Blast Furnace Stock House

Blast Furnace Stock House 

A blast furnace (BF) needs for the production of hot metal (HM) (i) iron bearing raw materials like sinter, pellet, and calibrated lump ore also known as sized iron ore, (ii) fuels and reductant like BF coke, nut coke and pulverized coal, (iii) fluxing materials like lime stone, dolomite, and quartzite, and (iv) miscellaneous materials (also known as ‘additives’) like manganese ore, and titani-ferrous iron ore etc. All these materials except the pulverized coal which is injected in the blast furnace at the tuyere level are charged in the furnace at the top and are handled through a stock house.

The blast furnace charging system consists of two main areas, the stock house system and the top charging equipment. The purpose of the blast furnace charging system is to enable the raw materials to be placed inside the furnace accurately and consistently in a predictable and controlled way. At the stock house system, the weighing, batching of the raw materials is carried out for their delivery to the top charging equipment. The top charging equipment serves the function of delivering blast furnace raw materials to the furnace top and distributing these materials into the furnace. The purpose of the stock house is to deliver the correct quantities of coke, iron bearing materials, fluxing materials and additives to the furnace as expeditiously as possible to keep the blast furnace at top operating performance.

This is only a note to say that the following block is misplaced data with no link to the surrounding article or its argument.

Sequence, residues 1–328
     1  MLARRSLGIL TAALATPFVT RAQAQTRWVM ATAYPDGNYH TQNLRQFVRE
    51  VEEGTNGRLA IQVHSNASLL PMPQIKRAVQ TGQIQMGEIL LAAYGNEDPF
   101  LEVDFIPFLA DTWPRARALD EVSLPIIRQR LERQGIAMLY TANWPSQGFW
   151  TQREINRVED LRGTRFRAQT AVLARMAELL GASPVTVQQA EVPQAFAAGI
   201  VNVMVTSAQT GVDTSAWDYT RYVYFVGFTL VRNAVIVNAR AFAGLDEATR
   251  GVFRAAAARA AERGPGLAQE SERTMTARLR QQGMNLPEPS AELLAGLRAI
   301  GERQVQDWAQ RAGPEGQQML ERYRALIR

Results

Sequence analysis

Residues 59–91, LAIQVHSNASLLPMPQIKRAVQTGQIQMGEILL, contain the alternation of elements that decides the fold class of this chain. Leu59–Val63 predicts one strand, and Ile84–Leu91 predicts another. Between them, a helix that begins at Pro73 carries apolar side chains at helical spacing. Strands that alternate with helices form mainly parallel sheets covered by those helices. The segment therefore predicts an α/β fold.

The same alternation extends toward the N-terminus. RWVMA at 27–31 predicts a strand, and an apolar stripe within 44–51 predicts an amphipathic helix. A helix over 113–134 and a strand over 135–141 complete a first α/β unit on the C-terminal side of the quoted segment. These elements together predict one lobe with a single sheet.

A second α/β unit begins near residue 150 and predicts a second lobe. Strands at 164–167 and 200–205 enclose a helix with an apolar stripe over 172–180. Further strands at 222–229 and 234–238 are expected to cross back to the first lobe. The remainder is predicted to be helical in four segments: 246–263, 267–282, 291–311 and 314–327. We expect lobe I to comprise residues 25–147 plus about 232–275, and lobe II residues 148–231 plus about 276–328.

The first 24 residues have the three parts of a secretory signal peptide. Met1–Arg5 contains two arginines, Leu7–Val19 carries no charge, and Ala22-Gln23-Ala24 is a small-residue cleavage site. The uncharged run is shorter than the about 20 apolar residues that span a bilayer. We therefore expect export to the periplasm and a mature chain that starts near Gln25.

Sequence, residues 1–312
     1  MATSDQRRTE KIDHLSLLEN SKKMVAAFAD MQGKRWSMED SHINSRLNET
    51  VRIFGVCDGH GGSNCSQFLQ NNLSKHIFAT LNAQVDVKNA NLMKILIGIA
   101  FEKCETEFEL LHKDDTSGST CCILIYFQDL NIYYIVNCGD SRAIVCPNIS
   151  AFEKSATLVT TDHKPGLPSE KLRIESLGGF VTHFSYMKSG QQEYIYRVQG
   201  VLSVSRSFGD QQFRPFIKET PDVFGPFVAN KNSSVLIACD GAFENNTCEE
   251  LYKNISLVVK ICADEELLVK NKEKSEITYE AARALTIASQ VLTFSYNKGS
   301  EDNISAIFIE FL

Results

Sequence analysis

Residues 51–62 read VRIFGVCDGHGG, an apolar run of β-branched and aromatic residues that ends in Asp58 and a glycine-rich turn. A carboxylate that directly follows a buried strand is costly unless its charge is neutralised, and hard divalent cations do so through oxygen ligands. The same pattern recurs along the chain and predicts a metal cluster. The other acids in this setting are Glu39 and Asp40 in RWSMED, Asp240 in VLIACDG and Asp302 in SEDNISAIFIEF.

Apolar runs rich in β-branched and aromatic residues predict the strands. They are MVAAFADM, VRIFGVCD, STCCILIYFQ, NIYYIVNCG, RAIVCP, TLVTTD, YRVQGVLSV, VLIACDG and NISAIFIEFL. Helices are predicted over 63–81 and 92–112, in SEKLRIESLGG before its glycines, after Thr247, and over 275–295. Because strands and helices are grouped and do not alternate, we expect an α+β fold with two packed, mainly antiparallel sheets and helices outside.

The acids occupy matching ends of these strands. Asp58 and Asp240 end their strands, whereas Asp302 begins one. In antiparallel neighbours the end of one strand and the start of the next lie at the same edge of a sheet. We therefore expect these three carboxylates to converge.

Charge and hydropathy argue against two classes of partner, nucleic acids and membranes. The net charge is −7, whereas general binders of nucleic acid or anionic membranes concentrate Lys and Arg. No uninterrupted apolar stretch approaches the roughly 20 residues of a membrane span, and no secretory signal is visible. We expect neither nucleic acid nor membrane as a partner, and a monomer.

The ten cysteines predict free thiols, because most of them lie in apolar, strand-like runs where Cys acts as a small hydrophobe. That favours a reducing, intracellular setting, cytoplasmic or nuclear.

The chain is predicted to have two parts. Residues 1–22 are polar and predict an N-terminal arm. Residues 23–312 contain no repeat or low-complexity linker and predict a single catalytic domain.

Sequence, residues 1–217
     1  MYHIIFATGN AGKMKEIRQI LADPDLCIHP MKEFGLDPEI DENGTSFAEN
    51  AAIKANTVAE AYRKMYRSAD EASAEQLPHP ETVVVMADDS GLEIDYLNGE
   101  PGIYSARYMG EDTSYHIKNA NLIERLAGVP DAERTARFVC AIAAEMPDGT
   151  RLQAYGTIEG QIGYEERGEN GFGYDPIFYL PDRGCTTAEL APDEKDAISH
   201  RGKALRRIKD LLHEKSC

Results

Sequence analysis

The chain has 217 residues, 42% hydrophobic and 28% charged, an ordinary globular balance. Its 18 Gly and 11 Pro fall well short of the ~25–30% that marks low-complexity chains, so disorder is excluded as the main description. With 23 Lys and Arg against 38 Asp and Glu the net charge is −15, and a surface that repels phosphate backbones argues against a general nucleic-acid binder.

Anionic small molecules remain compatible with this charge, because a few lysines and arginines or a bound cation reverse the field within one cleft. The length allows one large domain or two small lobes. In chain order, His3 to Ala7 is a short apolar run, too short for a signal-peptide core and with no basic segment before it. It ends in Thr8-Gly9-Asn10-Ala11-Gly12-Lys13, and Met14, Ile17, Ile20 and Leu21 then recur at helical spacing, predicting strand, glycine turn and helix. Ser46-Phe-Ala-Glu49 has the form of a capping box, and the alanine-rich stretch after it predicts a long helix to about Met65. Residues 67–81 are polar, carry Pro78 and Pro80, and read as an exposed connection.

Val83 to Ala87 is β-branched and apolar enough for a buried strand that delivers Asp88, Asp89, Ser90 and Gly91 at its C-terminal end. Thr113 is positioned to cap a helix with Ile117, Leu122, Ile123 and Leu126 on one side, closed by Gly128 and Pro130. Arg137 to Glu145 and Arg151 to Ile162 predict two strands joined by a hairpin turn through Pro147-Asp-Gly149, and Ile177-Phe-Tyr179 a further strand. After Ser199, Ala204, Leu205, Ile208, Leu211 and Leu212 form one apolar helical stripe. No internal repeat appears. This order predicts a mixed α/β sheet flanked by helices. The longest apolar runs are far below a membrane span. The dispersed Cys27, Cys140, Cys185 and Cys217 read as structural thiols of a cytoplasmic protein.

The stock house is the area where the individual raw material types are stored and then measured out in the prescribed order for delivery to the top of the blast furnace. The typical blast furnace stock house in the early 1900s was built as a deep pit in the ground and rail cars were moved over it and discharged the raw materials into these storage bins. The stock house is grouped into three sections of storage bins, usually comprised of coke bins, iron bearing materials bins, and fluxing materials and additives bins. Typically each of these material bin types is divided into symmetrical sections on either side of furnace centre line. In the 1920s and through the 1950s, the size of the stock house increased and it was built as a structure partially above and partially below the ground to accommodate more material bins types as well as larger quantities.